If a personal information data breach occurs, then you are required to inform a supervisory authority. The data breach is only considered to be of importance if the rights of the individuals involved are at risk. For example, if you lose a list of names, this would be fine as no negative effects could come from such an action. However, if payment card information was compromised, this would be classified as an instance where the rights of those individuals would be affected. Notifications must be made within 72 hours so having these contacts ready in advance would be prudent.

While this is solely an EU regulation, for now, it is thought that other nations will likely be influenced by this. By achieving compliance with GDPR standards now, you are putting yourself in a stronger position to be compliant with any other future regulatory changes of this nature. This is also a reassuring confirmation to customers that you value their privacy and go above and beyond the call of duty to ensure their information is secure and protected at all times.

For further reading or information on GDPR, you can visit OAIC Guidance or the UK’s ICO GDPR website.As a final note, as you are preparing your business for GDPR, as per your obligations from 25th May, you need to ensure that anyone you work with who accesses or processes data for your business is also GDPR compliant.

In the dynamic world of eCommerce, IT capability can outstrip a retailers’ ability to maximise the effectiveness of the tools they own or are about to select. Playhouse commercialises the eCommerce proposition for its clients and manages their digital journey in four key areas – Strategy, Design, Mentoring, and Implementation.

How to fix Drupalgeddon2 vulnerability (CVE-2018-7600) in Drupal 7.x and 8.x

On March 28th, Drupal disclosed Security vulnerability called Drupalgeddon 2.  More information on this Highly Critical vulnerability in Drupal core (CVE-2018-7600) here.

Drupal versions 7.x and 8.5.x were affected by this vulnerability and if exploited will allow remote attackers to infect the site with malicious code. Reports are surfacing of Hackers using this exploit to install malware on the vulnerable websites in the form of cryptocurrency miners.

Am I vulnerable?

If you think your site is hacked and might be vulnerable then email Barry Marelli at  Our security team can do a security audit of your website and apply any security patches as needed.


You’ve spent the last few days furiously searching online for the perfect Mother’s Day present and you finally strike gold. In a hurry, as your lunch break is coming to an end, you add the product to cart and head on to checkout.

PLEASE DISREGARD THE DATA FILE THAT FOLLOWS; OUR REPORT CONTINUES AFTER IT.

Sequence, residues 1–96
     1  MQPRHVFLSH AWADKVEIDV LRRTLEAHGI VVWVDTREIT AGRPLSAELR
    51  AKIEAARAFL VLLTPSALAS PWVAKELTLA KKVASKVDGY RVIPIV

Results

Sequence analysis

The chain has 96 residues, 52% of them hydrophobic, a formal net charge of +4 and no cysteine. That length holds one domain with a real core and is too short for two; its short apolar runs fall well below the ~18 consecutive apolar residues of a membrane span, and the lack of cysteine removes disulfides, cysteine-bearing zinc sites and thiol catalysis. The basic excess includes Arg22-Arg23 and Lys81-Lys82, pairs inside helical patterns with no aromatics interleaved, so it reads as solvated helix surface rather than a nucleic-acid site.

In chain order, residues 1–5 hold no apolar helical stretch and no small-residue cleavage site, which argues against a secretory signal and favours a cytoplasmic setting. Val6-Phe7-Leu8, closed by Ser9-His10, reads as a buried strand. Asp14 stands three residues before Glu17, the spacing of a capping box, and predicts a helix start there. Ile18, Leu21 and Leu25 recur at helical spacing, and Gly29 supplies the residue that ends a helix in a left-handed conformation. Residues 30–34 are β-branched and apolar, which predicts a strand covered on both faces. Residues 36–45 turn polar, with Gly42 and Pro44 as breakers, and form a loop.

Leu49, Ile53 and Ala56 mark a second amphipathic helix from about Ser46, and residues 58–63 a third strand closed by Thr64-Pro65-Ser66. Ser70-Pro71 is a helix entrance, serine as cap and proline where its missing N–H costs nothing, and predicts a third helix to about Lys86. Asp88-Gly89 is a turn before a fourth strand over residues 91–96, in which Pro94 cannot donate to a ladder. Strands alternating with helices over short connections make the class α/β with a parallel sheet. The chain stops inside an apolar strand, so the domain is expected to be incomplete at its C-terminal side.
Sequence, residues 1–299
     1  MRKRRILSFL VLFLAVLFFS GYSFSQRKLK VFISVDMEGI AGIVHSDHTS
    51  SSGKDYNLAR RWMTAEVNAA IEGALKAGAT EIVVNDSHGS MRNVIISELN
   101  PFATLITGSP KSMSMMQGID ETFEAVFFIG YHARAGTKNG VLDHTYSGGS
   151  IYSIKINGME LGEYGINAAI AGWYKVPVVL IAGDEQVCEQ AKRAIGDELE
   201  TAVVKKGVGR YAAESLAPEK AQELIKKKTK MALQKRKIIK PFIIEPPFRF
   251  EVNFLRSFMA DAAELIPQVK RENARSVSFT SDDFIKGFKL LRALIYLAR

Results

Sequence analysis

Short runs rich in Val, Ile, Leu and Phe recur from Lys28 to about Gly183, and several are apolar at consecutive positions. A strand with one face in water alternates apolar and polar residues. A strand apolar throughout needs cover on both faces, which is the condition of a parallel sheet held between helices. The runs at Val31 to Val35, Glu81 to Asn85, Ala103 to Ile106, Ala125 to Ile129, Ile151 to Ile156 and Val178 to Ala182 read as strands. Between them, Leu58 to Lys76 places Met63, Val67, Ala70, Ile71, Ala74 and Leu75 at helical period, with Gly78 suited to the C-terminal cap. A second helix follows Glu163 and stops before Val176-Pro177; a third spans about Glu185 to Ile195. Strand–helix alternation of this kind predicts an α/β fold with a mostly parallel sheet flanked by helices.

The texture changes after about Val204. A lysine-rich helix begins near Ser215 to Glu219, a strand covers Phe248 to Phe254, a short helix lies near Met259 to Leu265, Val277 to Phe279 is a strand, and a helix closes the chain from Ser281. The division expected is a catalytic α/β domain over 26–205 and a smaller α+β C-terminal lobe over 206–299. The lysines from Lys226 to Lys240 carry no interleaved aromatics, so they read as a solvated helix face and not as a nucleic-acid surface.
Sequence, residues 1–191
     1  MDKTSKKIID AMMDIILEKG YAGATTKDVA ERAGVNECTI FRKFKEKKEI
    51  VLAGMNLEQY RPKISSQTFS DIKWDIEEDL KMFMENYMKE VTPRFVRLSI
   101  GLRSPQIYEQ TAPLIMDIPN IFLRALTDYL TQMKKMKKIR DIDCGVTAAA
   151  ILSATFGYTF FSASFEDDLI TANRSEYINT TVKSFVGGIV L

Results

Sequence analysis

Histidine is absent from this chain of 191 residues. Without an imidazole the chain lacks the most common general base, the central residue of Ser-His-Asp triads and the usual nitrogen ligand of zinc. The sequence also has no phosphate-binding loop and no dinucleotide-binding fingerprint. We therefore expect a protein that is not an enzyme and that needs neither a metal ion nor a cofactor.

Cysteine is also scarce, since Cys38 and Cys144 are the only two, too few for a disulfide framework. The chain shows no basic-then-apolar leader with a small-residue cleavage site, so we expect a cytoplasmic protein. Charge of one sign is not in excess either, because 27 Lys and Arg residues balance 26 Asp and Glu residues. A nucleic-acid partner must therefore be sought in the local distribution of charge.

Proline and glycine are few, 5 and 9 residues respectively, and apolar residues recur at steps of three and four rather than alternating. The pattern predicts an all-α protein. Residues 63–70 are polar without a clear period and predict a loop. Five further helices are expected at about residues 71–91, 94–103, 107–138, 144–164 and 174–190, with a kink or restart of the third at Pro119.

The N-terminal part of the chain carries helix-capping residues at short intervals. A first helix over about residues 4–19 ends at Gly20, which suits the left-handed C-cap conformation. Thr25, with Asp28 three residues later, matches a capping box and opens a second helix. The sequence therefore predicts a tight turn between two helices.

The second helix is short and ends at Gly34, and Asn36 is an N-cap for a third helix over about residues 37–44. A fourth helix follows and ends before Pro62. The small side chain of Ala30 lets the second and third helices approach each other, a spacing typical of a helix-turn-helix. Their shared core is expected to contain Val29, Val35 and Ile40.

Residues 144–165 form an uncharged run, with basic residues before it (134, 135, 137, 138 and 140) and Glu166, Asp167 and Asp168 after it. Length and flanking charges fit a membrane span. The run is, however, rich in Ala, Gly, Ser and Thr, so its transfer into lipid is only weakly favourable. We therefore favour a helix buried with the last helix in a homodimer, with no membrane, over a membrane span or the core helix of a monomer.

You fill in your bank details and go to select your delivery option, then BANG, it hits you – Free Delivery on Carts over $200 or “Express Delivery” that takes 5 days and costs $20.

Reluctantly, you abandon your cart, and Mum gets flowers from the local Coles servo.

Delivery methods need to be customisable, allowing customers to tailor the experience to suit their individual needs. Customer expectations have increased, and so should the options available to them.

As recently discussed at Magento Imagine, shipping is not just delivery anymore, it is part of the customer journey. Too many retailers are falling short at the last mile, and this is leading to either dissatisfied customers or a big increase in abandoned carts.
Some key notes include –

  • Simple tweaks to UX with introducing shipping costs and options earlier can have a positive impact on customers completing their orders.
  • Optimised warehousing, via automation, leads to faster processing and an improvement in delivery times.
  • Providing customers with the ability to select alternative delivery locations is a feature that has steadily increased, increasing customer satisfaction.
  • Improvements to the “return process” by offering it free of charge encourages customer loyalty.

Leading retailers are now offering their customers flexible delivery options like same day delivery before 12pm, next day delivery, free in store click and collect and pick up via parcel lockers. This is a growing expectation from an Australian consumer and we see retailers losing customers as they don’t offer offer these services. (Luke H , Online Strategy Consultant)

In the dynamic world of eCommerce, IT capability can outstrip a retailers’ ability to maximise the effectiveness of the tools they own or are about to select. Playhouse commercialises the eCommerce proposition for its clients and manages their digital journey in four key areas – Strategy, Design, Mentoring, and Implementation.